HEAD: "Keep your head and chest up. Don't slouch," says Olympian Adam Goucher. Attempting to "grit out" a hill, many runners put their head down, which wastes energy by throwing off their form.
EYES: To keep your body upright, "fix your eyes directly ahead of you, not down at your feet," says cross-country champ . "You will sleekly move up the hill."
HANDS: "Keep your hands loose, no fists," says Jim Schlentz, who coached Olympian Kate Fonshell. Loose hands help your whole body stay relaxed.
LEGS: "Push your legs off and up, rather than into, the hill," says Goucher. This helps you feel "light," as if you're "springing" up the hill.
GOING UP: Run the first two-thirds of the hill relaxed, then slightly accelerate the last part, while carrying your pace over the top, says Schlentz. "Don't push too hard at the bottom of a hill," he says. "Then you're dead at the top."
BRAIN: "Visualize the crest of a hill 20 meters beyond where it really is, so you run to the top-and keep going," says Jennings. "I would tell myself, 'Up and over, up and over,' and would not relax till past the top."
TORSO: "Lean forward," says Jennings. "It maintains momentum."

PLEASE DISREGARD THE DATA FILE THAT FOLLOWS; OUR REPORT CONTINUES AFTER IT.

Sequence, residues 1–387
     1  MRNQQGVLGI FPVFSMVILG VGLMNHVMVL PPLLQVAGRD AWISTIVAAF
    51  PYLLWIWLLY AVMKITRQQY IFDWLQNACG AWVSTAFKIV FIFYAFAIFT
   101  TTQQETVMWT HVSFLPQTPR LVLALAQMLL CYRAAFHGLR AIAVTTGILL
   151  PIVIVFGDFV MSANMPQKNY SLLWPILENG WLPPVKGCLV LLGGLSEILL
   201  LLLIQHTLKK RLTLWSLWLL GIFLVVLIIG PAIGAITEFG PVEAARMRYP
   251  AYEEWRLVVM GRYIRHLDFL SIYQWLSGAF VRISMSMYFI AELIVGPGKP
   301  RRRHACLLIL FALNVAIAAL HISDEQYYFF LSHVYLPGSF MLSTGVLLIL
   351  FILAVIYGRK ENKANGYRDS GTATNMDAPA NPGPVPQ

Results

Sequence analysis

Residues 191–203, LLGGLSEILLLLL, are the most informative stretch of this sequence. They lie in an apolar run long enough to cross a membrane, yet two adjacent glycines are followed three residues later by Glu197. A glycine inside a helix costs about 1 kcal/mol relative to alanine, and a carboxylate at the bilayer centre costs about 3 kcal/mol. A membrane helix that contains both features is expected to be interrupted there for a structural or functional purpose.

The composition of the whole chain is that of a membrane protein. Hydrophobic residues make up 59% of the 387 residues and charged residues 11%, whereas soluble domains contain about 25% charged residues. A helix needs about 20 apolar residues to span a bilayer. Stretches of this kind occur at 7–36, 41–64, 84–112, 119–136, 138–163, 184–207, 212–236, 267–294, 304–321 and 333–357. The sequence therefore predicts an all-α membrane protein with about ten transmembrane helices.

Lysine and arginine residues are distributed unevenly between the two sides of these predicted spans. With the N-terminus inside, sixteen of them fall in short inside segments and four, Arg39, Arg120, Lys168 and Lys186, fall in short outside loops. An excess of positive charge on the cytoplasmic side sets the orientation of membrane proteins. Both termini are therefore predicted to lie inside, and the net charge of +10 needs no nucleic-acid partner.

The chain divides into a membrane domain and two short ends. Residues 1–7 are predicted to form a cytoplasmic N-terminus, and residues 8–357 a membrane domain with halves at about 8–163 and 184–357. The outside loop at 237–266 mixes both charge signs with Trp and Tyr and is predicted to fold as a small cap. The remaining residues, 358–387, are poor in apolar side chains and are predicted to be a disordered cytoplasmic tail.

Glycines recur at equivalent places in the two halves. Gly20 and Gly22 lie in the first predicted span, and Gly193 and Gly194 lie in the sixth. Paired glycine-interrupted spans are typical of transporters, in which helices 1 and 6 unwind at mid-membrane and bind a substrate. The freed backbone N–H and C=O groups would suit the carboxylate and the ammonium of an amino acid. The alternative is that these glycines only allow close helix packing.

ARMS: Coach and marathon champ Alberto Salazar emphasizes accelerated arm action to drive up a hill: "Concentrate on overusing the arms to really power up, so your running almost simulates sprinting." Your arms should form a 90-degree angle at the elbow, and swing straight back and forth, not across your body.
FEET: "Get up on your forefeet and take shorter strides," says Jennings. "Run with punctuation."
GOING DOWN: "Your feet should land underneath you," says Schlentz. "This produces minimal shock on the body." A shortened armswing will help shorten the stride.
WHY BOTHER?: Strength, efficiency, endurance. A study published in the Journal of Biomechanics found running on a steep grade at a fast pace achieved greater "muscle activation" in the legs and hip area than running at a slow pace.
SHORT ON TIME: Short hills provide maximum training effect with minimum injury risk, says elite coach Brad Hudson. Start with three or four repetitions up a hill about 60 to 80 meters long at top speed. Recover fully between runs.
DISTANT MEMORIES: Longer hills teach the body to recruit muscle fibers when they're fatigued. "This helps you develop a kick," says Hudson. Start with three or four reps of a hill 300 to 600 meters long. Recover fully between runs.
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